Leaving college and stepping out into the “real world” can be scary. Beginning this new chapter in life with no professional background makes it even worse. While our school comes equipped with an array of classes and nationally-recognized professors, there is something that our school cannot offer us: on-the-job experience. That is where internships come in. They are a great way to get a glimpse into what a field truly is before committing to it. With such great benefits, it seems perfectly logical that completing one would be a graduation requirement. There has been much debate, however, over whether an off-campus internship should count toward college credit. Some students believe that this is an unfair request from the University that adds too much pressure to an already stressful part of life. While I agree that trying to track down the right internship can be hectic, the benefits you reap well surpass those gained from flipping through a textbook.
Almost 80 percent of college students change their major at some point during college, according to the National Center for Education Statistics. This is a testament to how little we know about the fields we are committing to. There is nothing wrong with this. We are at a point in life where we are figuring out what our true interests are and how we can utilize our skills. This takes time and, as highlighted in the above statistic, some trial-and-error. There are very few people who know exactly what their career path will be when they first enter college. For example, I was convinced that I was going to be a nurse upon graduation. Then I decided to take a job in a hospital to see what it was really like. After working in that environment and learning about what the job entails, I quickly found out that the medical field is not where I need to be. If I had not taken that job, I would have had no way of knowing that I was headed down the wrong path. It is common belief that internships are just a way to secure you a certain job out of college, but in reality, internships are just as much a way for you to figure out what you really want to do. It is perfectly okay to realize that where you thought you were going to end up isn’t actually where you need to be going. Taking up internships while still in college enables you to find out early enough so that you can create a new plan if need be.
It’s easy to say that you want to enter into a certain profession based on what you have heard from other people or what you’ve read on the Internet. The problem is, most of these job descriptions have been greatly exaggerated and glamorized. Jobs are presented to us in a format similar to a sales pitch rather than an informative explanation. It is up to employers to make a job seem as attractive as possible. This is how they pull in potential candidates. Scarily enough, it is completely legal for them to do this. There is “no law that requires the [job] description to be accurate,” according to Parks, Chesin and Walbert Law Firm. The truth is: every job has its negatives. Some people get trapped into doing jobs far different than they were promised in the beginning because they had no read idea of what they were getting into. Completing internships allows you do see every side of a job, including the parts that you won’t see listed on a job site. You can then truly decide if the unforeseen cons are more than you are willing to handle.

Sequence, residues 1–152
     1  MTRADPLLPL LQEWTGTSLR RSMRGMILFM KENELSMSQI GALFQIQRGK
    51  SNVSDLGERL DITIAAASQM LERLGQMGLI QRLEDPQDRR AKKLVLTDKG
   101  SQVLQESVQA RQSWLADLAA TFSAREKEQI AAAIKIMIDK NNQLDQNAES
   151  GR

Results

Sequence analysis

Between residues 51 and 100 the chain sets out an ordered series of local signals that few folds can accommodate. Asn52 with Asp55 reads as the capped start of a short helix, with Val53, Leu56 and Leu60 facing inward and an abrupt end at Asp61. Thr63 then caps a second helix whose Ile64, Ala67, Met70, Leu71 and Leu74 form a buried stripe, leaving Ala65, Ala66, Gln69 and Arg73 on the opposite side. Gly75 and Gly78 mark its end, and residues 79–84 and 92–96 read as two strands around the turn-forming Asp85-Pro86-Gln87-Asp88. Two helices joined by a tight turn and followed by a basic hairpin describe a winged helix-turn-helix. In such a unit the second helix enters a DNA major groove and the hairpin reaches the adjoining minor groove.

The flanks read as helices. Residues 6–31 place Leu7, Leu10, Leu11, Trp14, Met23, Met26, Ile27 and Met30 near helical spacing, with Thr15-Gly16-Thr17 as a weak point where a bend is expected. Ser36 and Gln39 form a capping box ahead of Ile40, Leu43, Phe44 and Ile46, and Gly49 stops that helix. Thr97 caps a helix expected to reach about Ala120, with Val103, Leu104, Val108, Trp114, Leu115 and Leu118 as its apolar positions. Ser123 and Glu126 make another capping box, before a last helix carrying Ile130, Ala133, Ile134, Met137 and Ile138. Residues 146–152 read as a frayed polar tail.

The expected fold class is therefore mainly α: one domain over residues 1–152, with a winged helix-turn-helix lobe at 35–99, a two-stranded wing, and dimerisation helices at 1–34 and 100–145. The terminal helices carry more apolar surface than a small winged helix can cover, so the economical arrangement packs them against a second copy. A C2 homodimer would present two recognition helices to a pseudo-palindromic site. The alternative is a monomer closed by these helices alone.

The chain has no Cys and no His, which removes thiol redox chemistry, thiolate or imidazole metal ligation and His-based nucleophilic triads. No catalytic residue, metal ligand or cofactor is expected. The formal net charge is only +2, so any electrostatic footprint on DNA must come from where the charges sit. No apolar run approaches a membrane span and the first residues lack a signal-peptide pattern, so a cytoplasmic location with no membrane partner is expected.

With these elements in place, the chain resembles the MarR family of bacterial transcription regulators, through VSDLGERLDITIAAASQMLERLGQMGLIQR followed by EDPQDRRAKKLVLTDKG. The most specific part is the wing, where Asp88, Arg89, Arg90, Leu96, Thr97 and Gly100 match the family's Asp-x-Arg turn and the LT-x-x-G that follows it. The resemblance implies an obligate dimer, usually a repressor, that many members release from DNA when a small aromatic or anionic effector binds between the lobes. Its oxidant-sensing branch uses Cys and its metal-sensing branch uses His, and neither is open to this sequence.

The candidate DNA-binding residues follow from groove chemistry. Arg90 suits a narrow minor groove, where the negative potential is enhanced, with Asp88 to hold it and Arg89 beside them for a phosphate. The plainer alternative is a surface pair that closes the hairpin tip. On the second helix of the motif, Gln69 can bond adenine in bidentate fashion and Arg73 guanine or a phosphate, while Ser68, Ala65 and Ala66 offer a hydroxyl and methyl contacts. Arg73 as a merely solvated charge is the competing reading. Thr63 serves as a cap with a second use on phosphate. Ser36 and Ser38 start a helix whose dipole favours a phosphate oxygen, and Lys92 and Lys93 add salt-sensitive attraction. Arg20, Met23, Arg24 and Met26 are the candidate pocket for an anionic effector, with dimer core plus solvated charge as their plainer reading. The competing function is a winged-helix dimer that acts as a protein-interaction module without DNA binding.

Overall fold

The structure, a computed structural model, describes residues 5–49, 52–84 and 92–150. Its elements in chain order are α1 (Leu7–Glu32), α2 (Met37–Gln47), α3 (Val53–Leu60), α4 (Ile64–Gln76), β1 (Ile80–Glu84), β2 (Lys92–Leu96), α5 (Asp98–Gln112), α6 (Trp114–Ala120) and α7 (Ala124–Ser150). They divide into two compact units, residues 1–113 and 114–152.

Another, and possibly the most important, reason internships should be mandatory is their ability to make you more marketable to potential employers. When we were younger, we were told that getting a college degree was the key to success. While our education is extremely valuable, it is no longer the golden ticket to a lucrative future. Over 1.9 million students obtained a bachelor’s degree in 2015 alone, according to the National Center for Education Statistics. This has made the job market incredibly competitive, especially for recent graduates. Employers are now looking for much more than a diploma. They want to see that students have taken the initiative to get an early start in their chosen career paths. The modern-day job seeker is expected to come already equipped with an array of skills and talents. These standards may seem absurdly high, but with so many students fighting over a limited number of jobs, there isn’t much of a choice but to comply. Having an internship on your résumé is one of the most effective ways to stay afloat in a job market that is so cut-throat. Without one, you are likely just to become one résumé in a sea of millions.
With all the stresses of being a university student, adding an internship to your plate might be the last thing you want to do. We need to realize that internships are becoming increasingly more important. With competition among students and misguided information about career paths, we need internships to guide us in the right direction. The countless number of benefits we gain for having on-the-job experience is so incredibly valuable. While some might think it’s unfair to make an internship mandatory for course credit, it is that internship that could mean the difference between landing a job or standing in the unemployment line.